About the Iraq Response Program
As both Syria and Iraq continue to face the dire effects of prolonged regional conflict, increasing numbers of internally displaced persons (IDPs) and refugees are seeking shelter and safety within and outside of camps throughout Iraq. Mobilization from the humanitarian actors is understandably complicated by ongoing violence.
As a small grassroots organization Nurture Project International (NPI) has the potential to create programs that are adaptable and flexible within the response. NPI plans to focus its interventions in camps in the Kurdistan region of Iraq. It is anticipated based on previous data that nearly a quarter of the population in the camps where NPI is located is comprised of pregnant or lactating women (UNHCR and Department of Health camp profiles, REACH resource centre).
In Iraq NPI's primary focus is to build capacity in infant and young child feeding practices through a multi-sectoral approach. Our plan is to train local local health workers and community members so that they can provide adequate, appropriate, and accessible care to their communities. We also plan to work with other humanitarian actors and the Department of Health to build capacity of responders to identify lactation challenges and provide technical support in relactation, complementary feeding, and mothering in complex environments.
Breastmilk is the ideal food for human infants, as it provides all necessary nutrients for an infant’s first few months of life and continues to provide impressive nutritional benefit even during the early years of childhood. The World Health Organization (WHO) recommends exclusive breastfeeding for the first six months of a child’s life and continued breastfeeding with the introduction of complementary solid food for two or more years for all infants. This recommendation acknowledges both that breastmilk provides the best nutritional content for babies and also that the benefits of breastmilk continue well past a time when a child is breastfeeding, conferring defense against acute and later chronic illness.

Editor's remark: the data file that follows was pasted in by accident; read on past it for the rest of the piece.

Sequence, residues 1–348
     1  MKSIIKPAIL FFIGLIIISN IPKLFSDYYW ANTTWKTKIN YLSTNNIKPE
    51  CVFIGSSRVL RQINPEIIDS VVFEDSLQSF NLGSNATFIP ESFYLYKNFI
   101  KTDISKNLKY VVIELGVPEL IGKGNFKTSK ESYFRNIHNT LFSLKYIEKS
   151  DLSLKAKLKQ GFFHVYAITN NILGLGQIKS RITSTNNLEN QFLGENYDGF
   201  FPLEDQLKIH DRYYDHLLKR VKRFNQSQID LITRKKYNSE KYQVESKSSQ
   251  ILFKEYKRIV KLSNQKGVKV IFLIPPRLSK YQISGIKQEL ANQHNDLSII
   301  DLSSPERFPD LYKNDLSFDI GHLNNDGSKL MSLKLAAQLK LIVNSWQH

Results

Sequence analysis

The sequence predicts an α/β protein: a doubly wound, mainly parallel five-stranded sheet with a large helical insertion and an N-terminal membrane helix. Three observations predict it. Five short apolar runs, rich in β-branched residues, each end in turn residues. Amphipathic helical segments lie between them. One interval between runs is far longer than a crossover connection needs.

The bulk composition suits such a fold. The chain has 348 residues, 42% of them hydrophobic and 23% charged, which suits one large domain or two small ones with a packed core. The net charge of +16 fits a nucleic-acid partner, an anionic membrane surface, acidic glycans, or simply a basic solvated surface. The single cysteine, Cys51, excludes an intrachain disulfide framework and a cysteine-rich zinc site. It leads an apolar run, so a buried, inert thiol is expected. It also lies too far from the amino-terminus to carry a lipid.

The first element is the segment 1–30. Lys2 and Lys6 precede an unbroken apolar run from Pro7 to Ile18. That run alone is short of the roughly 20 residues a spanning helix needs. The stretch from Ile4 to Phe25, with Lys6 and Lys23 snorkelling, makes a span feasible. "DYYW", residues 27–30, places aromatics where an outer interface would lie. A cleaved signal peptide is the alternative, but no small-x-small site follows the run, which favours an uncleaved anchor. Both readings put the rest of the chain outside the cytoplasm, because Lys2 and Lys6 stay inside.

By its very nature, breastmilk is able to transmit immunological support from mother to baby for both illnesses to which she has been previously exposed as well as for illnesses with which the baby will come into contact in the future. UNICEF goes so far as to call breastfeeding “the closest thing the world has to a magic bullet for infant survival”. Breastmilk provides “a reliable, sufficient quantity of affordable, nutritious food” that also prevents and treats illness.
The benefits of breastfeeding are even clearer in times of crisis. Food and water insecurity coupled with cramped, unsanitary living conditions make readily available, sterile breastmilk the best choice. Breastfeeding decreases the risk of diseases caused by poor nutrition, unclean water, and suboptimal sanitation. Additionally, breastmilk aids babies’ immature immune systems to fight potential pathogens. Reducing the risk of illness, especially diarrhea, is lifesaving in emergency situations. Breastfed infants fair better in emergencies than their formula-fed counterparts, providing strong support to why humanitarian aid organizations should support the provision of breastfeeding support during crisis situations.
Despite the research supporting the importance of breastfeeding in emergencies, formula is frequently distributed in these situations, often blanketly without any strategic forethought. The use of formula in emergencies not only eliminates protections of breastfeeding but also increases health risks. Without the funds and logistical support to supply each and every formula fed infant with a stockpile of formula, they face persistent food insecurity. As a result, when formula is scarce, watering down of formula becomes a serious problem among resources poor populations.
Formula misuse is also a serious problem because donations are often not written in the language spoken by the target population, making it harder for the user to understand how to prepare formula safely and effectively. Furthermore, in living conditions with no guaranteed access to clean water or the ability to properly sanitize bottles and teats, the possibility of diarrheal illness dramatically increases. As a result, infant survival is severely compromised for formula-fed infants with no access to breastmilk to combat diarrhea, compounded by the lack of access to appropriate and timely medical care.